This blog report summarizes the web traffic on both the platform and the viewer for the period from 22th May to 22th December 2017.
Background : Semantics of analyticsIf you are not familiar with web analytics, keep in mind this cheatsheet :
- session = visit
- av. session duration = average duration of the session.
- bounce rate = percentage of user leaving the website without pursuing on other pages or making any interaction (e.g., scrolling or clicking).
- users = visitors.
- organic = visitors acquired from search engine results.
- direct = visitors landing to the website from various type of sources. It ranges from an embedded link in an email to typing an address on the browser.
- referral = visitors sent to the website from other website sources.
- social = visitors acquired from social media.
The HumaReC plateform, humarec.org
A steady, stabilized traffic
Following the momentous release of the HumaReC platform (up to 55 sessions at the launch, see AAR1 published in May 2017), the traffic is now stabilized to around 7 sessions per week. The peak at time 2017-08-09 is linked to Sara's HumaReC talk at the SNTS Annual Meeting in Pretoria (https://snts2017.org/).
Local institutions as primary users
The traffic is still led by local institutions in Switzerland and France. During the last months several connections (16) arise from US. This correlates with the trends we observed for the humarec-viewer as well.
Organic search-driven user acquisition
The above treemap view depicts the session duration as a function of the session frequency for each of the given source categories (i.e., direct, social, referral and organic). Though most of the traffic is still comparable to AAR1's acquisition treemap, the acquisition increase arising from organic search (one quarter of the total acquisitions in the last 7 months) as well as the duration of the corresponding sessions (around 440s or 7 min in average) is a nice surprise. In contrast, social media sessions (both for Facebook and Twitter) show a drop both in the number as well as the duration of the sessions since HumaReC's launching period. They were representing a quarter of the total number of sessions back in May 2017 whereas now, they hardly reach half a quarter.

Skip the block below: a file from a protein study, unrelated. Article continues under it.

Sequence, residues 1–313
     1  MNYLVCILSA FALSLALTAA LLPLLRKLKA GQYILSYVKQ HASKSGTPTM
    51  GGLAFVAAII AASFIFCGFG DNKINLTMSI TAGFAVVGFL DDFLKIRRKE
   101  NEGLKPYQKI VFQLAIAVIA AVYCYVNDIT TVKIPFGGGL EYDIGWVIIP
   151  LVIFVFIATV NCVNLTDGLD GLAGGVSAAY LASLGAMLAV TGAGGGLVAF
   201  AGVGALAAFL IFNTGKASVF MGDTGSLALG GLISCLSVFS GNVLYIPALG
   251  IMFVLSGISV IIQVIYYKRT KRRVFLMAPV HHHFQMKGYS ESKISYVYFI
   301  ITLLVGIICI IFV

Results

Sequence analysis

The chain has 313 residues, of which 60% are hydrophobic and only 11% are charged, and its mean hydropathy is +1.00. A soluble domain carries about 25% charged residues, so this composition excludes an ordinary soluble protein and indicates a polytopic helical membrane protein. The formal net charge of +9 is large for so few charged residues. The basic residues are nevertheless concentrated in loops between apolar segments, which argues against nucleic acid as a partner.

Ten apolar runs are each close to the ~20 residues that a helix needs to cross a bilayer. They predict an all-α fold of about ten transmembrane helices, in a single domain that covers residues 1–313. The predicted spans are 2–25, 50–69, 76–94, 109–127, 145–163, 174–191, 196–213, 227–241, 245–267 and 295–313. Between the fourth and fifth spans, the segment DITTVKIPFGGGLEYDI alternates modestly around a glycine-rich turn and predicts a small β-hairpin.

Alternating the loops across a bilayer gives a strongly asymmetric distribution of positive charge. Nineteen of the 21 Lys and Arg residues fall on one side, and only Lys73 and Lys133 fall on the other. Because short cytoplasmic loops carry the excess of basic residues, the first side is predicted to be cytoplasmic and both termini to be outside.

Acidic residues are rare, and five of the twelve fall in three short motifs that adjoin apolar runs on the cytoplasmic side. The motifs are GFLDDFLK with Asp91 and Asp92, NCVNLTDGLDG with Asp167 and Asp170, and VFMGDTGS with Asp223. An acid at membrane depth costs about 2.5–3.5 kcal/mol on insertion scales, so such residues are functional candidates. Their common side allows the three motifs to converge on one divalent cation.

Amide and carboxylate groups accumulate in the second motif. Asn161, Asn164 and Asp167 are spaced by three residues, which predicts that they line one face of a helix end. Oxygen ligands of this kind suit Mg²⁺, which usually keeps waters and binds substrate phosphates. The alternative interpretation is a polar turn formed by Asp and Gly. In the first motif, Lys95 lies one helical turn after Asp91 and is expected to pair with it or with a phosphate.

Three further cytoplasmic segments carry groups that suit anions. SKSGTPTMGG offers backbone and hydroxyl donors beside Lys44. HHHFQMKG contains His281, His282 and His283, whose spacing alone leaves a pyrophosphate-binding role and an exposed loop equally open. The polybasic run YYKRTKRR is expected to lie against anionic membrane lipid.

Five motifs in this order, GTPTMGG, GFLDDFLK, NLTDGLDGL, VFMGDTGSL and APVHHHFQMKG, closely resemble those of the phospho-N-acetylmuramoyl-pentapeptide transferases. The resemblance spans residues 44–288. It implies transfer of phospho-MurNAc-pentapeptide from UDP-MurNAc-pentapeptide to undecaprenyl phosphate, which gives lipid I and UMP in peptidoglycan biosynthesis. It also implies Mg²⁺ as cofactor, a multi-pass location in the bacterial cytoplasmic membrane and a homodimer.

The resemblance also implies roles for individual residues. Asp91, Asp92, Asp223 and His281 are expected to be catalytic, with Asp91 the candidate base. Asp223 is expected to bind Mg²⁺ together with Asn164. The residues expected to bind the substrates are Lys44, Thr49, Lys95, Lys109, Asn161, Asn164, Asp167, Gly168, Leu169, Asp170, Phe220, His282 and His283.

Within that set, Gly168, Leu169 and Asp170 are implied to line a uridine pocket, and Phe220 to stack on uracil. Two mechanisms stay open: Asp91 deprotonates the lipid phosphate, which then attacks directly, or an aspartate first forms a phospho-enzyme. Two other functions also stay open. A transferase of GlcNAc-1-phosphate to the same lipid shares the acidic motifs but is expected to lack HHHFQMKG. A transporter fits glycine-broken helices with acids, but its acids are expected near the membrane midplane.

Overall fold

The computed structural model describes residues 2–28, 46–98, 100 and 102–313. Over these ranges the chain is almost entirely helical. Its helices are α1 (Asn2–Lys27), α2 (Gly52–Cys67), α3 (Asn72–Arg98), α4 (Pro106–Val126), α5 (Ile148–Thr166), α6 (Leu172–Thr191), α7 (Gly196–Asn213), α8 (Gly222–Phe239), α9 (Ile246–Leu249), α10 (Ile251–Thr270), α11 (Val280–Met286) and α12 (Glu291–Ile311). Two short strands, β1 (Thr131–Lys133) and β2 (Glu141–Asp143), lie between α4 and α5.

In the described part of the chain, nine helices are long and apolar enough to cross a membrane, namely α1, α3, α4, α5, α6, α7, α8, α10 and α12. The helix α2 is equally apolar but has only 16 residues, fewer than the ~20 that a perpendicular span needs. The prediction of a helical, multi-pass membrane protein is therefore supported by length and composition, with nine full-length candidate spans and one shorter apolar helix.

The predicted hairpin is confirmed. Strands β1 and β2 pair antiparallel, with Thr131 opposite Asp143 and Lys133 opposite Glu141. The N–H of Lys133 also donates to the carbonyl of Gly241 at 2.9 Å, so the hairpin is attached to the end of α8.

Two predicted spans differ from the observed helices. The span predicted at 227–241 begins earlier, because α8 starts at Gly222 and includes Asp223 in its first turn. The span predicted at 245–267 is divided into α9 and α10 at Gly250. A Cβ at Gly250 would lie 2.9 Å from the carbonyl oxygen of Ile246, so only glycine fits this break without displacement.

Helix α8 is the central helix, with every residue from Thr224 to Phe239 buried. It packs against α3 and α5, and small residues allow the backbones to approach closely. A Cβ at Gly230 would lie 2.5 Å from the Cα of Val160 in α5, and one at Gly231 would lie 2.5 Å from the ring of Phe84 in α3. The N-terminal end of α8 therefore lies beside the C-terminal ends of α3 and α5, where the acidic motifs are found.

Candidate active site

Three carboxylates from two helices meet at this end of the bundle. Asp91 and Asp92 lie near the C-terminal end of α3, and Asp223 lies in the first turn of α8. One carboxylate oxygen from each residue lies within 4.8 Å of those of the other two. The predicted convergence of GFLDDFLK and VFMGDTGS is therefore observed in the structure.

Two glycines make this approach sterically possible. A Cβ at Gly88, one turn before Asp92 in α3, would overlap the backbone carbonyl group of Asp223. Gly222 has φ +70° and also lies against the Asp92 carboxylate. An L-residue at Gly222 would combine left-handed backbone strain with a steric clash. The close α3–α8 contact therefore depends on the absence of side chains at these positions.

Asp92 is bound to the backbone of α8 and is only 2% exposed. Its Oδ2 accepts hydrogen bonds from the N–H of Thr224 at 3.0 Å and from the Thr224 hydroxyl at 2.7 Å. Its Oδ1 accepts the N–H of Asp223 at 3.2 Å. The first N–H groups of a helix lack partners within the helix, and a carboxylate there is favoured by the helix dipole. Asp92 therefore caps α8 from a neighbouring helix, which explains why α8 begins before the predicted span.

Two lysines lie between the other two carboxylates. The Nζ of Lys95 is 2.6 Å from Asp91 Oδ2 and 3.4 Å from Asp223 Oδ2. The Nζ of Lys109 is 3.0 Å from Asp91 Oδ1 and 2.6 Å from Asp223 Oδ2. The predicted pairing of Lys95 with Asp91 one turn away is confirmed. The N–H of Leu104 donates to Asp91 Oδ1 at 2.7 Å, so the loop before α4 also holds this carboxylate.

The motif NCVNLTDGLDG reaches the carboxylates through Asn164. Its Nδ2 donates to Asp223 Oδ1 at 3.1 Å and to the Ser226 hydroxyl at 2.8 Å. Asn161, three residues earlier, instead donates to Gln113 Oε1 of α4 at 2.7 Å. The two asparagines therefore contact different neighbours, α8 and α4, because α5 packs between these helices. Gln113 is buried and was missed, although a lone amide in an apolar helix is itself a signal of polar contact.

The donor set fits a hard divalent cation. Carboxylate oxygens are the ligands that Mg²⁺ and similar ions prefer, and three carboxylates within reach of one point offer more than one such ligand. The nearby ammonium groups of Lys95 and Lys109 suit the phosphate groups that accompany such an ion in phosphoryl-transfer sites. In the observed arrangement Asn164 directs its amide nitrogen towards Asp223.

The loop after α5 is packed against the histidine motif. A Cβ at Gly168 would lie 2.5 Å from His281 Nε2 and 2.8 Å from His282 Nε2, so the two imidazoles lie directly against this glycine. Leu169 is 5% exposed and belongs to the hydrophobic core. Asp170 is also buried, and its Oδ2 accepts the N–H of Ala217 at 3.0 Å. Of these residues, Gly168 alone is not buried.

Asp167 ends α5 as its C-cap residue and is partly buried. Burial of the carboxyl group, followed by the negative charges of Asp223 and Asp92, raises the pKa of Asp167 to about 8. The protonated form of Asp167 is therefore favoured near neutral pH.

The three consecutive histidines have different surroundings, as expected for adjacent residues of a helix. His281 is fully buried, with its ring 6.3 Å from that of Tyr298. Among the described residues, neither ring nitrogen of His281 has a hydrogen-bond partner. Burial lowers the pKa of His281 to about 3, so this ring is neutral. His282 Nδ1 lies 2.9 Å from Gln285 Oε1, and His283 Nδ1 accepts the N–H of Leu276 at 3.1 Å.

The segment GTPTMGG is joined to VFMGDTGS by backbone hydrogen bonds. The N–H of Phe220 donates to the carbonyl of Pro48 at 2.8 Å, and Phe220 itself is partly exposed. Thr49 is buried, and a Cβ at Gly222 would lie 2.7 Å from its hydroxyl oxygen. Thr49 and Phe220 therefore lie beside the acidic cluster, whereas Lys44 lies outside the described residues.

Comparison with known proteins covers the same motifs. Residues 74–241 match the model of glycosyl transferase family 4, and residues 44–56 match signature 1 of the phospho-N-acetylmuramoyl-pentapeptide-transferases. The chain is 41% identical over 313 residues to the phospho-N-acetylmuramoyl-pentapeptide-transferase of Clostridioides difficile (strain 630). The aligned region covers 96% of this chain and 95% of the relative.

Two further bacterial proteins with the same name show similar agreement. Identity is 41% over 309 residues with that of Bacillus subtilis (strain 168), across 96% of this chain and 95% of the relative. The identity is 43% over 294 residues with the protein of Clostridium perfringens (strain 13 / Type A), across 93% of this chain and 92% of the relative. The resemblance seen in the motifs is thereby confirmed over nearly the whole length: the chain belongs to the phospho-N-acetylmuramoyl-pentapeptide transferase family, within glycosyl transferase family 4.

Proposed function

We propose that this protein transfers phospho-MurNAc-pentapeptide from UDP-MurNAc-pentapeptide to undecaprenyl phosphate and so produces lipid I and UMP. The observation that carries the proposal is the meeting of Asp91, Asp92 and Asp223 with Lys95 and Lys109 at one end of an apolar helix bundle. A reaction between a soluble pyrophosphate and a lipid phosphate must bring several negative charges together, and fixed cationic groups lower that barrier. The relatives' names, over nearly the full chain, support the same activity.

The HumaReC's manuscript viewerhumarec-viewer.vital-it.ch
379 sessions with an increasing trend over the months
The trend of the viewer is constantly increasing over the months with a peak of 39 sessions (2017-12-11) that occurred between two close folio releases (2017-12-08 and 2017-12-22).
HumaReC viewer and folio updates are followed worldwide
Although the bulk of sessions are coming from Switzerland, HumaReC piqued the interest of users in several other countries, notably Italy, France, US and Germany, which are closely following our folios releases :)
Summary And Perspectives
This second report summarizes our analytics of the HumaReC web traffic over the last seven months in both the plateform (humarec.org) and the viewer. Our platform attracts ca. 7 sessions/week (+/-4 users) with a total of 221 sessions for 182 users, a low bounce rate (7.9%) and ca. 6 min session duration/users. As compared to the last report, our session trends seem to stabilize over the months. These results are in contrast with the HumaReC manuscript viewer trends that show a traffic increase over the last months. In addition, session frequency peaks are generally correlated to releases of new folios. Last but not least, the platform seems well ranked on search engines since a total of 51 sessions arises from organic searches. Google Analytics is not providing natively the search terms but it could be interesting to know which search terms generate traffic income to the HumaReC platform.
Materials and Methods
Web analytics data collection
Web analytics data were collected using Google Analytics. The collected data were retreived from google using the Google Analytics Core Reporting API Version 3.0. This API permits to build complex queries through the provided dimensions and metrics explorer.
Data processing & visualization
After being retreived, the data were subsequently filtered for bots/spam and traffic that arises from local development. Despite enabling the default option for bot and spider filtering in google analytics, we spotted escaping bots/spam since their visits reports 100% bounce rate and 0 time session duration. However, this behavior can also correspond to a user leaving the page without interacting with it. We made the choice of removing such cases from our analytics, focusing on users that perform at least one interaction with the page (e.g., scrolling or clicking). Traffic data generated by local development were filtered based on internal IP and network domain values. The filtered data were then formated and exported in JSON format for interactive visualization. The line chart and barplot displayed above were obtained with the open-source chart.js library.